News in the Department of Classics
Dr Martin Dinter awared grant
Dr Martin Dinter
(Lecturer in Classics) has been awarded a first tranche of BRL 160 000 for his project "Reconsidering Cato - Images of Cato from Antiquity to Modernity" by FAPESP (Fundacao de Amparo a Pesquisa do Estado de Sao Paulo) to collaborate with Prof. Marcos Martinho dos Santos at the University of Sao Paulo (USP). Dr. Dinter will be visiting researcher at the University of Sao Paulo. His project will examine the image and influence of the Roman statesman and writer Cato the Elder in western literature and thought.
Dr Hugh Bowden appears on Radio 4's 'The History of the Future'
Dr Hugh Bowden appeared on BBC Radio 4's The History of the Future with to discuss the Oracle of Delphi on 12 September 2012.
The programme argues that a history of the future is really a history of anxiety, and begins it examination of how the futurologists of their day foretold what was to come, and what these visions says about the pre-occupations of the time. How different were prophesies about the future at different points in history? What can ideas about the future tell us about the past? The series begins looking at the Oracle of Delphi, the place where the Ancient Greeks went to consult the Oracle and hear what the future held for them.
For more information and listen to the programme again, see: http://www.bbc.co.uk/programmes/b01mhx6v
Professor Edith Hall appears on BBC Radio 4's Things Ain't What They Used To Be
May 2012 Edith Hall, Professor of Classics, appeared on the BBC Radio 4 programme Things Ain't What They Used To Be on 15 May 2012 commenting on the classical origins of 'declinism' - the idea that individuals and society are not as good as they used to be. Professor Hall emphasised that declinism was already a powerful perspective in Ancient Greece, pointing to the work of Hesiod, and the also the persistance of the lapsarian myths - myths of the fall of man - across times and cultures.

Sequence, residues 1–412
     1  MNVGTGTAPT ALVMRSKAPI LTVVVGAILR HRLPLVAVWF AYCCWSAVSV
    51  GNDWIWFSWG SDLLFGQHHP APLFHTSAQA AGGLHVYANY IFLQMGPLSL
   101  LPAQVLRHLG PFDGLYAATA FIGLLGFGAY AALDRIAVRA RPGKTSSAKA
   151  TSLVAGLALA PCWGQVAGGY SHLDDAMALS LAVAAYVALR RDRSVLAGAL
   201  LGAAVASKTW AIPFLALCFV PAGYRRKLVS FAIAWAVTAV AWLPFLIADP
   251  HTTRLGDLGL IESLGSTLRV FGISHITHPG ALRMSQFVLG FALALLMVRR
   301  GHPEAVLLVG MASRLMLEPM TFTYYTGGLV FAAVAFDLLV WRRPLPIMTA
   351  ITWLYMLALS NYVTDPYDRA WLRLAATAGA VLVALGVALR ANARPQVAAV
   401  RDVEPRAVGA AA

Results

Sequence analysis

To listen to the programme, see BBC Radio 4.
World-leading expert on Greek drama Professor Edith Hall joins Department
April 2012 The Department of Classics and the Centre for Hellenic Studies are delighted to welcome as a new colleague Professor Edith Hall, a world-leading expert on Greek drama and its modern reception. Her ground-breaking work in this field has earned her an international reputation as an original and radical scholar and she has now extended her innovative approach to other classical subjects, including the reception and understanding of slavery, as well as to modern performance studies. The arrival of Professor Hall significantly enhances our already strong profile in these areas and we look forward to developing new research projects with her.
2012 Greek Play Euripides' Hecuba a 'tremendous production in the very best tradition of Kings'
February 2012 The 2012 Greek Play was Euripides' Hecuba directed by Roseanna Long was performed Wednesday 8 Februrary - Friday 10 February at the Greenwood Theatre. In a review of of the play, Cathy Mercer of the Open University commented: ' This was once again a tremendous production in the very best tradition of King’s Greek plays in the original Greek. The audience sat rapt throughout the passionate tragedy as it unfolded in its ghastly inevitability which, nevertheless, still managed to surprise.'
For the complete review see here.
Appointment of Leverhulme Research Assistant
September 2011 The Classics Department are delighted to announce the arrival of Dr Ben Russell as a Research Assistant on the new Leverhulme Trust funded project The Art of Making in Antiquity . Ben’s research covers various aspects of classical archaeology, but in particular the production and supply of materials for construction and artistic production in the Roman period. On the project he will work as the main researcher on Roman stone-carving tools and techniques. He took a BA in Classical Archaeology and Ancient History, followed by the MSt and DPhil in Classical Archaeology at the University of Oxford. His doctoral work, completed in 2009, was on the Roman stone trade and was undertaken as part of the Oxford Roman Economy Project. Between 2009 and 2010 he worked on a post-doctoral project in Rome, also funded by the Leverhulme Trust, on the Roman sarcophagus trade; in 2010-2011 he was a Teaching Assistant in classical archaeology at St John’s College in the University of Oxford and lectured both there and at Birkbeck on Roman and Hellenistic art, architecture and archaeology. He has been involved with fieldwork.
New lecturer in Classical Greek Art